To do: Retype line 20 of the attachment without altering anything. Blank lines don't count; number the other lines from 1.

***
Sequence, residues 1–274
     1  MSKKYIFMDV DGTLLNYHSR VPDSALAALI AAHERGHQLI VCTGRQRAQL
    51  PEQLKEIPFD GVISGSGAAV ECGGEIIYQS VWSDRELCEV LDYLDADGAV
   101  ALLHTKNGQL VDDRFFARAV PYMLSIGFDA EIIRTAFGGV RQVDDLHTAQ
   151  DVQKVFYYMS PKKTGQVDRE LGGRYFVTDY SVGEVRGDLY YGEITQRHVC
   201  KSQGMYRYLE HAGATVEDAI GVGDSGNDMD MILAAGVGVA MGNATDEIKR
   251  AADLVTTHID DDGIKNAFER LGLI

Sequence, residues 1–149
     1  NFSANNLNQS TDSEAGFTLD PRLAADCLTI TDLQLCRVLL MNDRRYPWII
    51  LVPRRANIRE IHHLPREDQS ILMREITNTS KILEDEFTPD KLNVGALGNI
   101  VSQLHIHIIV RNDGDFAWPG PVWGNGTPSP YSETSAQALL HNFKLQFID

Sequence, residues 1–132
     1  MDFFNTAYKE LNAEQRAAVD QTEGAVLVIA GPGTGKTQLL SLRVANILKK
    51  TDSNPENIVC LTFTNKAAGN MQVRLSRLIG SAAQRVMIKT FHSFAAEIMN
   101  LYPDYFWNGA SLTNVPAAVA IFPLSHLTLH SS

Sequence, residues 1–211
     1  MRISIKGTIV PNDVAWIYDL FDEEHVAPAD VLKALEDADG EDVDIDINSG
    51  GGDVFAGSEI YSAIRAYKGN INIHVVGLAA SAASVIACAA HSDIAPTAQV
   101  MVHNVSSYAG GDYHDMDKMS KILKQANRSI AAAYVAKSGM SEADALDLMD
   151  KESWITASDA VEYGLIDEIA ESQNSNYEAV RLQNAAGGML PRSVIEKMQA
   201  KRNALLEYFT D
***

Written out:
   151  KESWITASDA VEYGLIDEIA ESQNSNYEAV RLQNAAGGML PRSVIEKMQA